It Wasn’t Just Pneumonia

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It Wasn’t Just Pneumonia

Courtesy - health jade website

Courtesy - health jade website

Courtesy - health jade website

"It felt like someone was stabbing me in the side 24/7"

Jackie Lewis, Staff Writer

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“It felt like someone was stabbing me in the side 24/7 but the pain was x1,000.  I stayed home and out of school several days and then came the morning my mom and I went to IHOP.  I woke up and immediately started screaming and crying, the pain was the worst it had ever been.  I had been sleeping in the rocking chair in my house’s family room because it hurt too much to lie down. The screaming went on for about ten more minutes and then I felt a pop in my chest.  The pain stopped.  I sat up and moved around a bit to test the waters and finally decided it was OK.  I was so happy because I knew that no pain = back to school and back to being able to see my friends.  So I ran upstairs to where my mom was and told here the pain stopped.  She was happy too.  She took me to Patient First (to this day I have NEVER gone back there and I absolutely refuse to go).  A few days prior, a Patient First radiologist looked at an X-Ray of my lung and said that I had pneumonia.  I explained what had happened that morning to the doctor  we’d been seeing and he said that I was fine.  So we went to IHOP to celebrate. What occurred next happened so fast.  My mom and I were just sitting in IHOP and I started screaming. I vaguely remember the waitress telling me to shut up and then my mom practically snapped at the waitress to shut her own mouth. And then my mom had just left some money on the table for what we ordered and we were off to Cornwall Hospital,” explained Ella Cusack.

Ella Cusack was only at the age of ten in the fourth grade, trying to live her life as a normal elementary school student when suddenly she was overpowered by an alarming sickness.  She was a quiet girl who enjoyed reading and spending time with family and friends, but for some unknown reason a deathly sickness was out to get her.  It was out of nowhere, and the pain never stopped.  Routinely, doctors were hopeless to helping her situation, and without the help of professionals later on in her term of hospice, Ella wouldn’t have made it.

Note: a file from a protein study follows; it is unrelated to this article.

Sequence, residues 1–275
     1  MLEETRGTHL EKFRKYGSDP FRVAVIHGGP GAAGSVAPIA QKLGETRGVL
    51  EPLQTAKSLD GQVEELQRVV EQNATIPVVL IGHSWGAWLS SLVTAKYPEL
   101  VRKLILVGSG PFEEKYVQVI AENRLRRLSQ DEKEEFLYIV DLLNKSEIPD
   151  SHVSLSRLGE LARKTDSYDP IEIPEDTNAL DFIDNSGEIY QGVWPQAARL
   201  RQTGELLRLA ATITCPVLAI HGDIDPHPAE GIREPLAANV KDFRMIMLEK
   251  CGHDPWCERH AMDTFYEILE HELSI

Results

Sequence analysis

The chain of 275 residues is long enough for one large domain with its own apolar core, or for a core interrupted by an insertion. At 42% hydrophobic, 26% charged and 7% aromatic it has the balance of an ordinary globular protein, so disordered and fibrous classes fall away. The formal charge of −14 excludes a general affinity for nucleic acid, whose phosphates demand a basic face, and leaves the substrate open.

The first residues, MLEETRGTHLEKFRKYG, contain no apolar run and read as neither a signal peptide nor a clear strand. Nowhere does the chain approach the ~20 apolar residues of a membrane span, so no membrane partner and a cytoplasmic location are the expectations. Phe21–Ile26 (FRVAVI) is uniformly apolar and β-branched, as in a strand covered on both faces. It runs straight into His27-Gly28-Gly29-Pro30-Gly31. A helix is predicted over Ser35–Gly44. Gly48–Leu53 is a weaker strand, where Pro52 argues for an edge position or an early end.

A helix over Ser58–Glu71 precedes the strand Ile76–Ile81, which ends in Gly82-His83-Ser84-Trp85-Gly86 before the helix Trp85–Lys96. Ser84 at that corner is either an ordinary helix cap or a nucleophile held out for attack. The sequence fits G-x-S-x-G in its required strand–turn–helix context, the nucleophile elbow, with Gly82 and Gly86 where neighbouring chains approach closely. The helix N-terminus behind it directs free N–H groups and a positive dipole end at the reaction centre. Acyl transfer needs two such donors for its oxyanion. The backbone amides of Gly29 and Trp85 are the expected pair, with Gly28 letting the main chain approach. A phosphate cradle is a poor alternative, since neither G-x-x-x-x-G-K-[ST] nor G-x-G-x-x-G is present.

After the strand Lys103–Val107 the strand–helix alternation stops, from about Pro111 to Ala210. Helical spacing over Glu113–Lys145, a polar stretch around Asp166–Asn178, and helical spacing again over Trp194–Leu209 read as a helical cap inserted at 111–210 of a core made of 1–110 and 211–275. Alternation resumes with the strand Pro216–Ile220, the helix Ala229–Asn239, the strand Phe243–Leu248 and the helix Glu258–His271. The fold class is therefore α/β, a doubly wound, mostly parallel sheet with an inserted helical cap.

Empyema was the name of this illness, and it usually results from pneumonia.  While Ella was told that she had pneumonia, and was fine while actually having empyema, she was incredibly lucky to have lived or at least not need another surgery.  It is proven that 20-30% of people who have empyema will die or have another surgery if not taken care of within a year.  Empyema is characterized by pus or gunk in the lungs, and even to the doctors it’s a mystery as to how Ella got this specific illness.

“No one knows how I got it, although there were some theories that it had to do with either my heart murmur or my diaphragm.   My diaphragm is the exact opposite of what it should look like,” explains Ella.

At the age of ten, Ella was extremely young to have been experiencing the treatments required to nurse her back to health.  Because of the seriousness of having empyema, her treatment leaned more towards surgical procedures rather than simple antibiotics.  There were two doctors who were an enormous help when informing Ella about her condition.  Her doctors consisted of Surgeon Kim who specialized in the surgery she required, and Doctor Chester, a pulmonologist.

Her treatment consisted of a tube surgically inserted in her side and an IV and pic line.  Ella described having the tube, IV, and pic line in her all the time as “having a best friend that you do EVERYTHING with and take EVERYWHERE.”  Because of the tube and pic line, she was imprisoned to a boring day of laying face-up to the ceiling all day every day. When the time came to remove the tube and pic line, Ella needed to obtain a great amount of trust in her surgeon.  She had no trouble with the tube, felt no pain and it came out easily.  The process the doctors used helped her through the removal with ease.

“He’d count to three and I’d blow as hard as I could for a warm-up, and then he told me to act like there were a 100 candles on a birthday cake I needed to blow out and I blew as hard as I could.  I didn’t even realize that he’d pulled the tube out when I blew.”

Throughout her journey of going from hospital to hospital in search of the correct doctors, Ella believes she finally hit home at Fairfax Hospital.  These doctors didn’t see Ella as a child, but as a mature patient they could be open with.  With this attitude Ella was able to process everything clearly even at the young age of ten.

“I don’t think my age really affected anything about the experience.  Dr. Chester and Surgeon Kim explained everything to me in a way I’d understand.  That’s why I trusted them both so much, they didn’t talk to my parents. They talked to me – unlike the Doctor at Lansdowne Hospital who I could hear talking to  my mom out in the hallway. I actually remember them both drawing a diagram of my lungs and what  they looked like along with my diaphragm vs. how these organs should have looked like.”

While it was a tragedy that Ella had to experience this life-changing illness in fourth grade, she taught us all to fight against the odds; no matter if you know what they were or not.  She kept her cool and even learned during this heart-wrenching experience.

“I remember I was so scared to get the pic line pulled out.  They literally do it while you’re awake and as a ten year old that was terrifying to have someone pulling on a cord that seemed attached to you. That actually taught me not to overthink things too much.  The pic line slid right out.”